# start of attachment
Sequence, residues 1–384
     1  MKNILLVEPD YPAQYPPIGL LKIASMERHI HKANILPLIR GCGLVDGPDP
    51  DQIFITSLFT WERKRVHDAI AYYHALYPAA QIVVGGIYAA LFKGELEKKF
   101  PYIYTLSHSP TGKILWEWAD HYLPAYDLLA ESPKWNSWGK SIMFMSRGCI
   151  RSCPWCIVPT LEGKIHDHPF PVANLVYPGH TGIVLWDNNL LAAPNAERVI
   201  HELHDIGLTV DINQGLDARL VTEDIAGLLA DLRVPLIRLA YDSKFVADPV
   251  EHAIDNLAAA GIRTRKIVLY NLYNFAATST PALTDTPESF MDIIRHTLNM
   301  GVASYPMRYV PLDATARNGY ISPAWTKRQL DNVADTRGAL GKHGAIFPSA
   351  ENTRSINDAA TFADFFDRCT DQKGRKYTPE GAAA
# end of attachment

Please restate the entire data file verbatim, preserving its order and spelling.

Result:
Sequence, residues 1–384
     1  MKNILLVEPD YPAQYPPIGL LKIASMERHI HKANILPLIR GCGLVDGPDP
    51  DQIFITSLFT WERKRVHDAI AYYHALYPAA QIVVGGIYAA LFKGELEKKF
   101  PYIYTLSHSP TGKILWEWAD HYLPAYDLLA ESPKWNSWGK SIMFMSRGCI
   151  RSCPWCIVPT LEGKIHDHPF PVANLVYPGH TGIVLWDNNL LAAPNAERVI
   201  HELHDIGLTV DINQGLDARL VTEDIAGLLA DLRVPLIRLA YDSKFVADPV
   251  EHAIDNLAAA GIRTRKIVLY NLYNFAATST PALTDTPESF MDIIRHTLNM
   301  GVASYPMRYV PLDATARNGY ISPAWTKRQL DNVADTRGAL GKHGAIFPSA
   351  ENTRSINDAA TFADFFDRCT DQKGRKYTPE GAAA